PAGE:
- Patches applied to the upstream source
- How to define a flavour
- More detail on generation of debian/control and configs
Running tests
linux supports autopkgtest and should be able to run most of the
kernel's self-tests on any architecture where kexec is supported,
but it has higher resource requirements than most packages:
- A VM with plenty of disk space (10GB is enough), RAM (1GB is
probably enough) and at least 2 CPUs
- The temporary directory for adt-virt-qemu (-o option) will need
several GB of space, so a tmpfs may not be suitable
Note that if you tell adt-run to use an 'unbuilt tree' (i.e. an
unpacked source package) it does not exclude VCS directories such as
.git. Either use a packed source package or copy the working tree
elsewhere excluding .git.
Example invocation:
adt-run -B ../linux-image-4.2.0-rc6-amd64_4.2~rc6-1~exp2_amd64.deb \
../linux_4.2~rc6-1~exp2.dsc \
--timeout-test=1200 \
--- adt-virt-qemu /var/cache/autopkgtest/adt-sid.img -o /var/tmp -c 2
Build profiles
Several build profiles are understood and supported:
- stage1: Needed when bootstrapping an architecture. A stage1 build
produces only the linux-libc-dev package and has no host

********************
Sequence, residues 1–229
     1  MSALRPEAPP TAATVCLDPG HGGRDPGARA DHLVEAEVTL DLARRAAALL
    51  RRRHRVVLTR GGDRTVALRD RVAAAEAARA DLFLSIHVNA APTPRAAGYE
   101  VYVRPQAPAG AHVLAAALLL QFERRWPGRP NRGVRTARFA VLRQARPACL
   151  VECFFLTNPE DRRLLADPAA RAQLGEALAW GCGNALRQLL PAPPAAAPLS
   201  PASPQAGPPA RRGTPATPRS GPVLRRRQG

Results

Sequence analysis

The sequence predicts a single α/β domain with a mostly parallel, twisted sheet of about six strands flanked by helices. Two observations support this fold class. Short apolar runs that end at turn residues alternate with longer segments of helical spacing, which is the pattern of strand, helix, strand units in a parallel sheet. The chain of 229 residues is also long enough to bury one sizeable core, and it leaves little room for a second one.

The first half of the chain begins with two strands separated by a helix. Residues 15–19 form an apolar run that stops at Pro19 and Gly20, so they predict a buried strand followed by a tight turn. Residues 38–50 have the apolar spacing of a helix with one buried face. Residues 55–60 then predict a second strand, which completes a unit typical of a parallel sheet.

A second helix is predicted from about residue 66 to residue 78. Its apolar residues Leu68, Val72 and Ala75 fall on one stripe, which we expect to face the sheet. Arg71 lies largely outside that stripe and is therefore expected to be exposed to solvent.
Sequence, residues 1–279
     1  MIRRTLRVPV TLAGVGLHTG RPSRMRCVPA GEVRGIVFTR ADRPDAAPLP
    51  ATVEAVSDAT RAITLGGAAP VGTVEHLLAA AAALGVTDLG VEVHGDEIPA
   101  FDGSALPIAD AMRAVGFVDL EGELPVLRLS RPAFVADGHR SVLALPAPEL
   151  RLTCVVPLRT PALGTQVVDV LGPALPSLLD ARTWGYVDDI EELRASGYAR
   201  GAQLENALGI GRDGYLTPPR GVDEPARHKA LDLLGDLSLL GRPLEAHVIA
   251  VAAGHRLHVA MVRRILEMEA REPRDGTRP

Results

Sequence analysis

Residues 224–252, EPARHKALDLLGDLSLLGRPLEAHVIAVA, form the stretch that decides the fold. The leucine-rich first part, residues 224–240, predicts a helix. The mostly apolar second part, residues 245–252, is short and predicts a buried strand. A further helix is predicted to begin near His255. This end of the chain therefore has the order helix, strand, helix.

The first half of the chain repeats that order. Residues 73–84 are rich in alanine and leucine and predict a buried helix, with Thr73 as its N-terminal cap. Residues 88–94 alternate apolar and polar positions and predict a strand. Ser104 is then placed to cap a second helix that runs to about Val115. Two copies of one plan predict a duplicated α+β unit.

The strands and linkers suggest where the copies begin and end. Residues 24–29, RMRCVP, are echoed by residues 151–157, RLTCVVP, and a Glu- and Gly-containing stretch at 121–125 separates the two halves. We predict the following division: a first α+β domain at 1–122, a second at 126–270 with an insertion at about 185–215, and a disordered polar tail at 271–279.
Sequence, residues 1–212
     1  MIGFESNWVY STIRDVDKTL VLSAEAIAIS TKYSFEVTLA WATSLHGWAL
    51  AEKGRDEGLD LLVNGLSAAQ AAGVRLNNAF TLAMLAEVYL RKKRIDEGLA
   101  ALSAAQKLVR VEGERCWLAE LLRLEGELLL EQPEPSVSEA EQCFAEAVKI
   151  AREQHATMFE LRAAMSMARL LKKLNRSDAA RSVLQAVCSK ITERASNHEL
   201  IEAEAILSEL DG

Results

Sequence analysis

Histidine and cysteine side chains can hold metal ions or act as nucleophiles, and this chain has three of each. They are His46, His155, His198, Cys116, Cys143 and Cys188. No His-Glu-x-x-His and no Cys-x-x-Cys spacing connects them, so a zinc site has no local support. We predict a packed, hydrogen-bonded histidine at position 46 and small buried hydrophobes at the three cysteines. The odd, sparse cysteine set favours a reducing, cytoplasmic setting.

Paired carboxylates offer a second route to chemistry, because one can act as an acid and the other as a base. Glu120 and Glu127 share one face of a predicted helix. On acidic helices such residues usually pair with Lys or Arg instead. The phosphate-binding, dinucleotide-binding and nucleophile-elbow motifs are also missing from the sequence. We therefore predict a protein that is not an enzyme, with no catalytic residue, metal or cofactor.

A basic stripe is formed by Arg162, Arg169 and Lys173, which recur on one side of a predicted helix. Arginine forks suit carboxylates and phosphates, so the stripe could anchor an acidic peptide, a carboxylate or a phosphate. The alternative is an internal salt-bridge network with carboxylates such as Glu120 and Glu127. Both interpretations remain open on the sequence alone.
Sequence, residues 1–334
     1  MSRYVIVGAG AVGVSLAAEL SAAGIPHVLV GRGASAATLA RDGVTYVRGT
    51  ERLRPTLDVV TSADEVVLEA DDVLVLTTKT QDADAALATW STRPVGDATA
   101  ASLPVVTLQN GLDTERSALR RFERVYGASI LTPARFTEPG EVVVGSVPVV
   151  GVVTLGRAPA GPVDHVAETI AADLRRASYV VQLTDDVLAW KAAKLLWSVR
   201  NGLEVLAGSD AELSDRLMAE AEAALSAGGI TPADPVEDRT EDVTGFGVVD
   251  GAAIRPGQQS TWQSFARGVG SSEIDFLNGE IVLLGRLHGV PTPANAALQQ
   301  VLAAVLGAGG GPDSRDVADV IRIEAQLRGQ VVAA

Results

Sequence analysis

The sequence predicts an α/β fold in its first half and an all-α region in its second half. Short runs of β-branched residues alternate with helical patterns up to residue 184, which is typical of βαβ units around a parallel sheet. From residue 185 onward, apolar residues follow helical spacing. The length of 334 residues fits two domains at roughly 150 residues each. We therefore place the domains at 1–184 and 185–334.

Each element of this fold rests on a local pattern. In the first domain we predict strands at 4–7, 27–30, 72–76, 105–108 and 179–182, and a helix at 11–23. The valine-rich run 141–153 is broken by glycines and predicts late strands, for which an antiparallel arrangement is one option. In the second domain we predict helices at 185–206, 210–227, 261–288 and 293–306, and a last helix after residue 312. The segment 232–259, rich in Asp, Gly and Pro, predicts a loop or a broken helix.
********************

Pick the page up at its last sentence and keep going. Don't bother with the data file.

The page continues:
- nodoc: Exclude most documentation
- pkg.linux.notools: Exclude userland tool packages (linux-kbuild-<version>,
linux-perf-<version>, etc.)
- pkg.linux.nokernel: Exclude kernel image and header packages
- pkg.linux.nosource: Exclude source binary package (linux-source-<version>)
- cross: Needed when cross-building. Currently this must be used together
with nopython as the build-dependencies will be unsatisfiable otherwise.
- nopython: Disable Python bindings. This currently disables building the
linux-perf-<version> package, as the perf program embeds Python.
Build rules
The Debian build rules are split across multiple makefiles:
- debian/rules: Standard top-level makefile for Debian package build.
- debian/rules.gen: Intermediate makefile between debian/rules and
debian/rules.real. This is generated by based on
the configuration under debian/config.
- debian/rules.real: Makefile for building a single kernel flavour
or other group of binary packages.
- debian/rules.d: Makefiles for building userland code from specific
source directories. The directory structure mirrors the kernel
source directories. debian/rules.real uses the "make-tools" to
invoke these makefiles.
All builds *must* be done out-of-tree in a subdirectory of
debian/build, so that the output files do not end up in the
linux-source-<version> binary package. Currently kernel builds use
debian/build/build_<arch>_<featureset>_<flavour>, userland code uses
debian/build/build-tools/<source-dir> and documentation uses